This Week on TV features a new series about Julia Child, a new Marvel superhero who’s somehow crazy, a trip to Mars, a real crime drama, an uplifting musical, the Oscars – and a particularly bad new sitcom .
Airing Thursday on HBO Max • I love Julia Child! I love Sara Lancashire’s portrayal of her in this eight-part series! I like the series… but I don’t like it. Which is a bit of a disappointment.
Julia Child (1912-2004), of course, became an unlikely television star when she made her way to public television in “The French Chef.” And it was a bit of a battle, because (a) television was still pretty new in the early 1960s; (b) Julia was a woman in a business – and at a time – dominated by men; (c) cooking shows were new at the time; and (d) Julia was not what anyone would consider a conventional attractive woman, and television was and is dominated by attractive people.
The series opens with Julia and her husband, Paul (David Hyde Pierce of “Frasier”), celebrating the impending publication of his book, “The Art of French Cooking.” (It wasn’t easy, either.) And it’s more than delightful when Julia makes an appearance on Boston’s public television station WGBH, outwits the host, and takes over the show. And when she produces her own pilot for the series that made her famous.
There are a lot of really good moments in the show, which – don’t get me wrong – are good. And it’s worth watching just to watch Lancashire (“Last Tango in Halifax”).
But “Julia” is sort of the TV equivalent of comfort food. Good. Filling. Satisfactory. But nothing new, different or exciting.
6 p.m. Sunday, ABC/Ch. 4 • Regina Hall, Amy Schumer and Wanda Sykes are the hosts, given the unenviable task of trying to make this show too long and too slow entertaining. If you’re not a big movie buff, save it and fast forward through all the boring parts.
Streaming Tuesday on Hulu • This deeply disturbing eight-part series is based on the true story of a 17-year-old (Elle Fanning) who was tried and convicted of manslaughter after urging her 18-year-old boyfriend to commit suicide. It’s both engaging and repulsive – it raises some serious issues and the fanning is very good. But it can be very difficult to sit down.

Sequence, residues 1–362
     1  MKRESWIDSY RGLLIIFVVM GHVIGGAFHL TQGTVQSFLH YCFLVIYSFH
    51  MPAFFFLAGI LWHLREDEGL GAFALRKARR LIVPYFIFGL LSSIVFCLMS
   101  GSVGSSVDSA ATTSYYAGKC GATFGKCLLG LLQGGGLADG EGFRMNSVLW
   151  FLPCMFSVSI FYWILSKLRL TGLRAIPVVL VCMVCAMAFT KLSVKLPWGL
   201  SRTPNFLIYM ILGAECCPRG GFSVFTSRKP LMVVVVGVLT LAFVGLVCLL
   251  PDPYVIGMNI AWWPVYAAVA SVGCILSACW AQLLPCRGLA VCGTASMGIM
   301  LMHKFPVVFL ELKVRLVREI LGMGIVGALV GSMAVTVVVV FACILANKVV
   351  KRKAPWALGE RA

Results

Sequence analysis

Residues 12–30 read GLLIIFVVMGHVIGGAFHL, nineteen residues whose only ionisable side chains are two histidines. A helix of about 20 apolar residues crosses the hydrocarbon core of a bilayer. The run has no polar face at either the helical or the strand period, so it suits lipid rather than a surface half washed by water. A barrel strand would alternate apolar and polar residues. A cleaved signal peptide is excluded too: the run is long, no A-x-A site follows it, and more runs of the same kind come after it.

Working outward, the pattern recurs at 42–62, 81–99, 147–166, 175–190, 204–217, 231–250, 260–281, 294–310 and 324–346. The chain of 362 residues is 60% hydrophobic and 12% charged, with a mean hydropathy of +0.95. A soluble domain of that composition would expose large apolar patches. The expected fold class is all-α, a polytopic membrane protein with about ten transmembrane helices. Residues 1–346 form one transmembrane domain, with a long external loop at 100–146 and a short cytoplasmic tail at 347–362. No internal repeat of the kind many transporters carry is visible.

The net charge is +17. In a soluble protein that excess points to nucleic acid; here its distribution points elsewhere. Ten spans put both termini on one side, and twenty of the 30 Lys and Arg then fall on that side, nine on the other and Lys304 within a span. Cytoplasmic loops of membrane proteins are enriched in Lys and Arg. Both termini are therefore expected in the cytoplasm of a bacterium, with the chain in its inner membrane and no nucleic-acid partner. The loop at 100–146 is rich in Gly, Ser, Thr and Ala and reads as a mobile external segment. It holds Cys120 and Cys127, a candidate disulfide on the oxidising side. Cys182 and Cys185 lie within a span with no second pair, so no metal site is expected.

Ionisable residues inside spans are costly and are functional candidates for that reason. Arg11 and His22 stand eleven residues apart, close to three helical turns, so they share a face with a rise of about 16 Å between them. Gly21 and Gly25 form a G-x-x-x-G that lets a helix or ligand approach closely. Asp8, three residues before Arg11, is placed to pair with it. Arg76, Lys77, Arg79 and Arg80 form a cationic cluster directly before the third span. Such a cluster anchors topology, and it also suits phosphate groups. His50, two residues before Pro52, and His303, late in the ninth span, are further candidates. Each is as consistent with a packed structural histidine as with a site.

Tuesday, 9 p.m., HBO • This is an exceptional documentary about the race to find a vaccine for COVID-19 that is full of heroes and villains. It’s the story of the incredible work that produced the vaccines at incredible speed and the story of the absolutely stupid political failures that made the pandemic worse. (Also streaming on HBO Max.)
Streaming Wednesday, Disney+ • This new series focuses on one of Marvel’s lesser-known characters, who looks a bit like a magical Batman, if Batman was mad. Oscar Isaac stars as Steven Grant, who shares a body with Marc Spector, whose alter-ego is Moon Knight. It’s weird and dark and violent and intriguing.
Streaming Wednesday, Discovery + • In this sequel to the stunning 2012 documentary ‘The Queen of Versailles’ – which premiered at Sundance – Jackie and David Siegel work to complete the 90,000 square foot mansion (or is 100,000 square feet?) they had to give up when the 2008 recession hit. They’re still totally weird, and watching Jackie is kind of like avoiding a car accident – you know you shouldn’t be watching, but you can’t help it.
Streaming Thursday, Paramount+ • Original animation “Fairly OddParents,” which aired 172 episodes from 2001 to 2017, is grossly underrated. It was an extremely funny and inventive show. This sequel mixes live action with animation. The kid from the original series, Timmy Turner, is older now, and he entrusts his fairy godparents, Cosmo and Wanda, to his younger cousin, Viv, and his new stepbrother, Roy. The mix of live actors and animation takes some getting used to, but it’s still fun.
Streaming Thursday on HBO Max • If you thought you’d seen every possible permutation of a rom-com…there’s this one. Sophie (Lana Condor, star of the “To All the Boys” trilogy) is a buttoned-up young woman in a long-distance relationship with a boyfriend on Mars. (It’s set in the future. Duh.) Walt (Dylan Sprouse, “Riverdale”) is a free spirit who meets a girl the day before he leaves for Mars. Sophie delivers a passage on the red planet; Walt embarks on the same ship; and their relationship grows. He looks cute. But shouldn’t the title be “Mars Shot”?
Streaming Thursday, Disney+ • If it sounds a bit like a middle school version of “High School Musical,” well, it was directed by Tim Federle, the show runner of “High School Musical: The Musical: The Series.” It is based on her 2013 novel, which was based on her life. Nate is an unpopular 13-year-old who dreams of a life in musical theater, but is repeatedly pushed away. He and his best friend, Libby, run off to Broadway in search of their big breaks. And heartfelt, uplifting entertainment — complete with original songs — ensues.
Thursday, 8:30 p.m., CBS • Yeesh. This new sitcom is about a guy (Pete Holmes) who gets laid off from his factory job and decides to become a professional bowler. Yes, it’s based on the life of Tom Smallwood. No, it’s not funny. Seriously, in the three episodes screened for critics, there were no laughs. The characters are nice enough, but it’s just painful.